III.4 From specular reflection paths to an impulse response

So far we have been dealing only with finding the specular reflection paths. They give good basis for further analysis, but as such they don't serve any purpose but need further processing. In this section we show how an impulse response can be constructed and how it can be used for auralization.

III.4.1 Basic construction and distance attenuation
The natural first attempt is to insert an impulse for each specular reflection path at the appropriate time event. However, this would neglect a basic phenomenon in sound propagation. When a spherical wavefront propagates in the free field, the energy gets spread to a larger and larger area. Due to the conservation of energy, the observed energy at a given listener location must be inversely proportional to the square of the propagation distance since the surface area of a sphere grows in proportion to $r^2$ where $r$ is the radius of the sphere. Remembering that the sound energy is the square of the sound pressure, this means that the sound pressure of a spherical wavefront is proportional to $1/r$. The next step to make the impulse response more realistic is to add this $1/r$ attenuation. You can play with the illustration below and see and hear how the response changes when this attenuation is applied.

- Below the room geometry you can see the impulse response.
- The 'Scale' slider scales the size of the room and thus the propagation delay of each path.
- You can select which attenuations are taken into account in preparation of the impulse response.
- By pressing 'Play impulse response' you can listen to the impulse response.
- The 'Play soprano' will play you a short sample of music convolved with the impulse response. You will hear the anechoic sample by turning off all the reflections and having only the direct sound.

Reflection orders: Direct sound 1st 2nd 3rd 4th 5th 6th to 7th 8th to 10th 11th to 15th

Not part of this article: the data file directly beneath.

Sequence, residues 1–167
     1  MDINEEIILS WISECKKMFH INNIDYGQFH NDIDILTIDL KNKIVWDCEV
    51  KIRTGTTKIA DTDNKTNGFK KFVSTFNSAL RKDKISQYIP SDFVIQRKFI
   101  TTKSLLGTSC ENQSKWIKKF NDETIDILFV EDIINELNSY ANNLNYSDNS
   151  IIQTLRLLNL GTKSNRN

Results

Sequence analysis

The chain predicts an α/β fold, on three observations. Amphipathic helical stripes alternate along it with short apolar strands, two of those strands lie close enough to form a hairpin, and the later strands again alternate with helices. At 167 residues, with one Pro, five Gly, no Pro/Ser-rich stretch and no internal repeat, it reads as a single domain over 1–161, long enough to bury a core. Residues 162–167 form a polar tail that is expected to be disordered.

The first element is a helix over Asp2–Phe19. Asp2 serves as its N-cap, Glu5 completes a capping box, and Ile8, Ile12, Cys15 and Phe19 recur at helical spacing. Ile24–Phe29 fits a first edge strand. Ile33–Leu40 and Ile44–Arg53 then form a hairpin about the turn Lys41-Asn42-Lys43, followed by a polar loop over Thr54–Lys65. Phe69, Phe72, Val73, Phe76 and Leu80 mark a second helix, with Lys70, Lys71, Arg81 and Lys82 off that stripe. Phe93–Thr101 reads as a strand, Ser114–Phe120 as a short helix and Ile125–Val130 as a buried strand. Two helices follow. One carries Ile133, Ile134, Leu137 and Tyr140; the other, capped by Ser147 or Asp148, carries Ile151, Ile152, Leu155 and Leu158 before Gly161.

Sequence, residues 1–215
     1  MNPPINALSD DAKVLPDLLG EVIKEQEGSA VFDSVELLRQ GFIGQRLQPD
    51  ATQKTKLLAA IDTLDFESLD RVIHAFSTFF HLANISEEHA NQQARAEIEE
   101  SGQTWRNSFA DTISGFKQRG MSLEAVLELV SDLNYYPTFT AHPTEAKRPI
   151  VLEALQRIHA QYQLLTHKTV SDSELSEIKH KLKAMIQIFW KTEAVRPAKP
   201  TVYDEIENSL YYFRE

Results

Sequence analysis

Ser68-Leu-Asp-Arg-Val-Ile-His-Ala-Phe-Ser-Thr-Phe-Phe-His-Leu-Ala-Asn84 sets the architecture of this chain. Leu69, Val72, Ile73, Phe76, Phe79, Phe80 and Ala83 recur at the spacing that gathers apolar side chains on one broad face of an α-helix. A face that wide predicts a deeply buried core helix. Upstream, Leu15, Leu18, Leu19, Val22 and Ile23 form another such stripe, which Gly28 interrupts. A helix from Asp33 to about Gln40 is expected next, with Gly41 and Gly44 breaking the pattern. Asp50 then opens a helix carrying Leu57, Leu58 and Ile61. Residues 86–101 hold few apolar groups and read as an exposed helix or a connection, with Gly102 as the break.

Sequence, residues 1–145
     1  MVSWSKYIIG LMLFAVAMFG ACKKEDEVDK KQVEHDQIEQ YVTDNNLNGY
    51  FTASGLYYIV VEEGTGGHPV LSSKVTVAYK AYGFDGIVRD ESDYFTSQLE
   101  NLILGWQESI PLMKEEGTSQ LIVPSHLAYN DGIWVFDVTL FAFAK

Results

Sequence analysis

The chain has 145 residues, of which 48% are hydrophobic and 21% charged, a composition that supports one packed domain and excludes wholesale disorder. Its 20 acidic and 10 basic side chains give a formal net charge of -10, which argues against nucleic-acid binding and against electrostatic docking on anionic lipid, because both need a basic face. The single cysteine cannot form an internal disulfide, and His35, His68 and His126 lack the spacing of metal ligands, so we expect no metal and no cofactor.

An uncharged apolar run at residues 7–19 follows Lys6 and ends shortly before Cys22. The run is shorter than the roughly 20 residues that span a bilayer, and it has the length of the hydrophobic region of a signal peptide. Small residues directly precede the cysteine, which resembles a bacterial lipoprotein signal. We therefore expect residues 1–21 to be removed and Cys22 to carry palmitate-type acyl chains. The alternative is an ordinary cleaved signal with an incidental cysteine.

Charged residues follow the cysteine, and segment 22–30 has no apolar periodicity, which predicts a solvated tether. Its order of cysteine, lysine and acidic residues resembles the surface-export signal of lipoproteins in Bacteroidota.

Visualization: Full ray paths Raylets | Attenuation: 1/r Material Air absorption General absorption:
Number of image sources: Number of ray paths:

Scale of geometry:

III.4.2 Air absorption
To make the simulation even more physically correct, the next thing to be included in the processing is the absorption caused by air. As presented earlier, air acts as a low-pass filter. At short distances it doesn't make any difference, but at larger distances the high-frequency content gets noticeably attenuated. Neglecting this will make the simulation to sound too bright.

III.4.3 Reflections
The final element that should be taken into account here is the absorption of sound energy at reflections. Typical wall materials are of low-pass nature such that they attenuate high frequencies more than the low end. However, in this simulation all the absorption coefficients are assumed frequency independent, and they are just examples instead of representing any particular material. If the reflection path has undergone several reflections, i.e. it is a higher-order image source, then each of the reflections needs to be processed separately. In the simple case of plain reflection coefficients, the final reflected fraction is computed by multiplying the coefficients together. In the case of more accurate reflection modeling, each reflection can be characterized by a filter, and their final outcome is the convolution of all the filters.

III.4.4 Conclusion
It is easy to hear that the reverberant part of the responses sounds unnatural. There are plenty of clearly distinguishable echos, whereas in real rooms, this happens only very rarely. [You can increase the size of the space by the 'Scale' slider to notice this better.] In reality, the gaps between individual specular reflections are filled by diffusely reflected sound energy. However, the image-source principle is not able to model that, and, thus, there is a need for models that are able to handle diffuse reflections. Similarly, there is no actual reverberant tail in the response at all, and instead of gradually decaying and fading out, the response ends abruptly. This could be solved by increasing the reflection order but making with the image sources is computationally challenging, although a beam-tracing with full-beam clipping could perform well even in the case of modeling the whole response duration. In the following chapters, we move on and discuss methods that are able to handle diffuse reflections and are better suited for computation of the late response.